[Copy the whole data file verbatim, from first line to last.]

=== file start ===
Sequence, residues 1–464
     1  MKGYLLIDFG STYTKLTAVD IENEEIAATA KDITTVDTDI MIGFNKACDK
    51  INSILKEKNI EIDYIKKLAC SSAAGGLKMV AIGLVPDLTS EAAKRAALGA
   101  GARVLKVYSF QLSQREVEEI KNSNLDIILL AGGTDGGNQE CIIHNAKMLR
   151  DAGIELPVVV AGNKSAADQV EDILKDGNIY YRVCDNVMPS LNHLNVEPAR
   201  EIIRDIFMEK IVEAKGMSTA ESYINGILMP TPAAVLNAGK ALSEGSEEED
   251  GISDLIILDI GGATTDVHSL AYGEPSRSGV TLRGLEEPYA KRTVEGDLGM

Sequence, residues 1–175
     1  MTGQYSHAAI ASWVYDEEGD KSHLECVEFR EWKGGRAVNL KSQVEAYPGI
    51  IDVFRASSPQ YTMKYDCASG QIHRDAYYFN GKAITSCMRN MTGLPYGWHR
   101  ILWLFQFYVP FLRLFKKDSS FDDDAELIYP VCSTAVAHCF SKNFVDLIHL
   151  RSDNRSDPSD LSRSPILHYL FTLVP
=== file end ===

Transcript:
Sequence, residues 1–464
     1  MKGYLLIDFG STYTKLTAVD IENEEIAATA KDITTVDTDI MIGFNKACDK
    51  INSILKEKNI EIDYIKKLAC SSAAGGLKMV AIGLVPDLTS EAAKRAALGA
   101  GARVLKVYSF QLSQREVEEI KNSNLDIILL AGGTDGGNQE CIIHNAKMLR
   151  DAGIELPVVV AGNKSAADQV EDILKDGNIY YRVCDNVMPS LNHLNVEPAR
   201  EIIRDIFMEK IVEAKGMSTA ESYINGILMP TPAAVLNAGK ALSEGSEEED
   251  GISDLIILDI GGATTDVHSL AYGEPSRSGV TLRGLEEPYA KRTVEGDLGM

Sequence, residues 1–175
     1  MTGQYSHAAI ASWVYDEEGD KSHLECVEFR EWKGGRAVNL KSQVEAYPGI
    51  IDVFRASSPQ YTMKYDCASG QIHRDAYYFN GKAITSCMRN MTGLPYGWHR
   101  ILWLFQFYVP FLRLFKKDSS FDDDAELIYP VCSTAVAHCF SKNFVDLIHL
   151  RSDNRSDPSD LSRSPILHYL FTLVP